One thing that struck me here is that no Google device is on the list – both Google and Microsoft have recently pushed into hardware, and while Microsoft’s HoloLens made my list with the caveats above, nothing Google has made yet has been anything other than just another entrant in an existing category. On the other hand, cloud services and the AI and machine learning that powers much of the next generation of those services will have a significant role over the next ten years, though no single product or service will have a massive impact.

Two other answers

However, ultimately, I think there are two other answers that are more compelling than any of the three I’ve just listed, and they are “the iPhone” and “none”. The reality is that the iPhone turned the smartphone into the biggest consumer electronics category the world has ever seen or is likely to see. The smartphone is going to become essentially ubiquitous around the world over the next few years, and no other product can hope to match that ubiquity, at least during the ten-year time horizon we’re talking about here. Voice speakers are a fascinating new category, and will grow significantly, but won’t be in a majority of homes for many years, and it’s smartphones that will continue to provide ubiquity for voice assistants. Accessories like smartwatches and bluetooth earpieces are just that – accessories to smartphones – and though they will take over smartphone functions as I described above, they will continue to meet the needs of subsets of smartphone users and be heavily tied to smartphones for the foreseeable future. Lastly, AR will be big in time, but again it’s through smartphones that the technology will have its broadest impact, while headsets serve a much smaller market even ten years from now.

As such, the iPhone and the smartphone market it inaugurated will continue to be the most influential over the next ten years, just as they were over the past ten. And no single new product in the market today will exert a comparable influence over the industry over the next ten years, even though we’ll see some fascinating new user interfaces, product categories, and changes in the way we all use technology and interact with each other and the world around us. As I’ve long argued, though, just as Apple shouldn’t shy away from new product categories because they can’t match the iPhone’s scale, neither should any other player in the market be cowed by the impossibility of matching the smartphone’s impact on the world. There are plenty of worthy places in today’s technology landscape to put effort and investment which will pay off handsomely in the coming years, and I’m looking forward to all the innovation that’s yet to come.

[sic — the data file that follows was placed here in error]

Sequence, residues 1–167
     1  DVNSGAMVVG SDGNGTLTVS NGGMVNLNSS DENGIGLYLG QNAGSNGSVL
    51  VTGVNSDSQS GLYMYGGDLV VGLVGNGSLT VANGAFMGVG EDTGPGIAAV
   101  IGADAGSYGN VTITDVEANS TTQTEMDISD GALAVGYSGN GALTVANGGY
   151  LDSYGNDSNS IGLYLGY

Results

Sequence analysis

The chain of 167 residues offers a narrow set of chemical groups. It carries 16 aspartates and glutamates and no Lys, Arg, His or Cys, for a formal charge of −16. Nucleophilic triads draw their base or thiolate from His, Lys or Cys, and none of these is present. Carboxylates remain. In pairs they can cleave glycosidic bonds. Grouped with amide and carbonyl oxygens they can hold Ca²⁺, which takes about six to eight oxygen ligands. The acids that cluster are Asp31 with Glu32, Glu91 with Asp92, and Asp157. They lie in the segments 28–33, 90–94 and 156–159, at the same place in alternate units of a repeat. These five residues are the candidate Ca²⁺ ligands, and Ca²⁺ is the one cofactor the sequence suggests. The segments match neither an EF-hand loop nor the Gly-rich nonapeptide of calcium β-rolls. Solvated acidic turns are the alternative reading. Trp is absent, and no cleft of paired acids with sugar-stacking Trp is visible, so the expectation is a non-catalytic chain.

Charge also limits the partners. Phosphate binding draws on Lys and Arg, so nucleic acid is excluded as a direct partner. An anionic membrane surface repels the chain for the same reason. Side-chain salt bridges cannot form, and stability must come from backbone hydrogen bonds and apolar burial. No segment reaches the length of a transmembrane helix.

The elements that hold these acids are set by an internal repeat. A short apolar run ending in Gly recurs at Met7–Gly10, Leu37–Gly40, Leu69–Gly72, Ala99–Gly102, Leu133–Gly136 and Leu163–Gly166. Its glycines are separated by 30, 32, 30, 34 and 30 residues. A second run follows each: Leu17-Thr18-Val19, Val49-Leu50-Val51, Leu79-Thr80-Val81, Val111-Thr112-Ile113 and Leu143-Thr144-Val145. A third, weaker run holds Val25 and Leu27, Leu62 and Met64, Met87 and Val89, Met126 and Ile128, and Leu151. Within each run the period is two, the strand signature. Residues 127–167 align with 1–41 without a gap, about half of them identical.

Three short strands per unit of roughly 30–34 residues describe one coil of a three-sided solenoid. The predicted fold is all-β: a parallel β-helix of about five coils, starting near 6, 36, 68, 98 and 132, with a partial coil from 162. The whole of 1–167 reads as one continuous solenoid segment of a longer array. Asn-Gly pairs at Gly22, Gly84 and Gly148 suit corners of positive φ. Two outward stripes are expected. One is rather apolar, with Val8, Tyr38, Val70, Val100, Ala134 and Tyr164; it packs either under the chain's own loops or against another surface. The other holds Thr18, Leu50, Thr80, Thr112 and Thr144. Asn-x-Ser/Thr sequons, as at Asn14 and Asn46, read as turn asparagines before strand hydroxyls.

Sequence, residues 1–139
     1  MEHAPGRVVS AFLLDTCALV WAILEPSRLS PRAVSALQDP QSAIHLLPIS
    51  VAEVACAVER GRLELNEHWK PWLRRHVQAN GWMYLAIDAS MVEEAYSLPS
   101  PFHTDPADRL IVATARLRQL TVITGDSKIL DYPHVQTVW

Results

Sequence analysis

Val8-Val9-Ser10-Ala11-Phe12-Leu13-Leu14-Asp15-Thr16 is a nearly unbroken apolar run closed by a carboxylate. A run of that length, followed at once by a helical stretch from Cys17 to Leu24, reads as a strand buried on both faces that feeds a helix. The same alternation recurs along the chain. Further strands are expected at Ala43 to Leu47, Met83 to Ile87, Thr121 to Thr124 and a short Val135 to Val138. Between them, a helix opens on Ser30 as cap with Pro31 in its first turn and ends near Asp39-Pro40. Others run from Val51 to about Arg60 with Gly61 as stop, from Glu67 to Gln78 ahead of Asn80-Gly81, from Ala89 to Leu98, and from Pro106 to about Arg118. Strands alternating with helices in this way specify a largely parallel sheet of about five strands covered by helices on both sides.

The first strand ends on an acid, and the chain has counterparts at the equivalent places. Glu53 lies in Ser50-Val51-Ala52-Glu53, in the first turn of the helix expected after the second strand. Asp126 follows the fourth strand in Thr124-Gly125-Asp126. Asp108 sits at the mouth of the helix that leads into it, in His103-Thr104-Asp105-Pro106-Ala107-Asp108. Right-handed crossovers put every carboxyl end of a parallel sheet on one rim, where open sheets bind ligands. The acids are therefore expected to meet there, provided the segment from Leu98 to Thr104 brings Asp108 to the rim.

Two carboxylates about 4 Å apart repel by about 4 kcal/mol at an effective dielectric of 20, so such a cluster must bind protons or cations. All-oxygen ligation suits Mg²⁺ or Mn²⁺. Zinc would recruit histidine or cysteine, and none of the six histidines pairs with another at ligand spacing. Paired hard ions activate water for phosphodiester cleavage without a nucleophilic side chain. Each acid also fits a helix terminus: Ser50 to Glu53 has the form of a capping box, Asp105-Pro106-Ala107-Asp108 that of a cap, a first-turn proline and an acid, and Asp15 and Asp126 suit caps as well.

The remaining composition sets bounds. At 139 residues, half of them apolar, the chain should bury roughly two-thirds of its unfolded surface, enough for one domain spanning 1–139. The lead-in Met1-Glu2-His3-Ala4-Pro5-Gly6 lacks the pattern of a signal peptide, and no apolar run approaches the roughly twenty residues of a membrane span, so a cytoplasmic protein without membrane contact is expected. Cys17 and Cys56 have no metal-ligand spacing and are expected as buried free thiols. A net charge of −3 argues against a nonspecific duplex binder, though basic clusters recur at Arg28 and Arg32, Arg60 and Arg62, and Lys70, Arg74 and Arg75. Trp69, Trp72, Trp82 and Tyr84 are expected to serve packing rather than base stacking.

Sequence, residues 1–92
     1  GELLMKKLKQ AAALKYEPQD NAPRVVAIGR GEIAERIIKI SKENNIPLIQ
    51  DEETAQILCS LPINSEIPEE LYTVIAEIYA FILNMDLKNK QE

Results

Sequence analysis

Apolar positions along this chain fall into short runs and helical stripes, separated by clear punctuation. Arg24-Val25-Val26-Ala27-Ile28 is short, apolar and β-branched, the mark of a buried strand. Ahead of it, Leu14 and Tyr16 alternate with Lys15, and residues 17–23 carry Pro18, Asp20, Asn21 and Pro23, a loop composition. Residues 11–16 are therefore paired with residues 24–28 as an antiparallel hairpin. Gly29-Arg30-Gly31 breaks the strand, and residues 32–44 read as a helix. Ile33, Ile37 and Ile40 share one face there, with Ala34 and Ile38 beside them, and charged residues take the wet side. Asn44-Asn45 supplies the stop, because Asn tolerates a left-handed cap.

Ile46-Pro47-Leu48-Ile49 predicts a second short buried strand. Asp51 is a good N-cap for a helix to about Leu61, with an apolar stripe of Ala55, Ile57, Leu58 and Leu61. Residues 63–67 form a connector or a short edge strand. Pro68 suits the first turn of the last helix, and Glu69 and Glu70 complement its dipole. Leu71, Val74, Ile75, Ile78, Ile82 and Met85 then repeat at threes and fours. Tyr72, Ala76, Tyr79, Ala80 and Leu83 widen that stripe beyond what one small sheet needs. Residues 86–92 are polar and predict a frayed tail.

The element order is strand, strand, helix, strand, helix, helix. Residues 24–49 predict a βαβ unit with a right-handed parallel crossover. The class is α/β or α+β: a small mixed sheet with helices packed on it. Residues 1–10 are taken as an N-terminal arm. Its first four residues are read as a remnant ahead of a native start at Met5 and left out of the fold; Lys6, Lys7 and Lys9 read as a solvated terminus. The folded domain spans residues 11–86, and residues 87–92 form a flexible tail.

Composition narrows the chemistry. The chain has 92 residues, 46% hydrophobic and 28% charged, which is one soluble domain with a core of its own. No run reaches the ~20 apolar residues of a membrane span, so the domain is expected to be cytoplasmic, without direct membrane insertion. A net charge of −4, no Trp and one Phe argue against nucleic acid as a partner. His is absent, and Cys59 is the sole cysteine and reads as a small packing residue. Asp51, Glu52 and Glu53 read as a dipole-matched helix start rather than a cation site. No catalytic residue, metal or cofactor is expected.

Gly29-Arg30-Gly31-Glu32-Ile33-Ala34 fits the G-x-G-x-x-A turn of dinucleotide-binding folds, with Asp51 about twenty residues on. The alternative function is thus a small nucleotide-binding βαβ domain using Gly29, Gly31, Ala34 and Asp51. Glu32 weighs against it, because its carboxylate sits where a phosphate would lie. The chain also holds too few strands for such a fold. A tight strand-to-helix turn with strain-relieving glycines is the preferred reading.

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Jan Dawson

Jan Dawson is Founder and Chief Analyst at Jackdaw Research, a technology research and consulting firm focused on consumer technology. During his sixteen years as a technology analyst, Jan has covered everything from DSL to LTE, and from policy and regulation to smartphones and tablets. As such, he brings a unique perspective to the consumer technology space, pulling together insights on communications and content services, device hardware and software, and online services to provide big-picture market analysis and strategic advice to his clients. Jan has worked with many of the world’s largest operators, device and infrastructure vendors, online service providers and others to shape their strategies and help them understand the market. Prior to founding Jackdaw, Jan worked at Ovum for a number of years, most recently as Chief Telecoms Analyst, responsible for Ovum’s telecoms research agenda globally.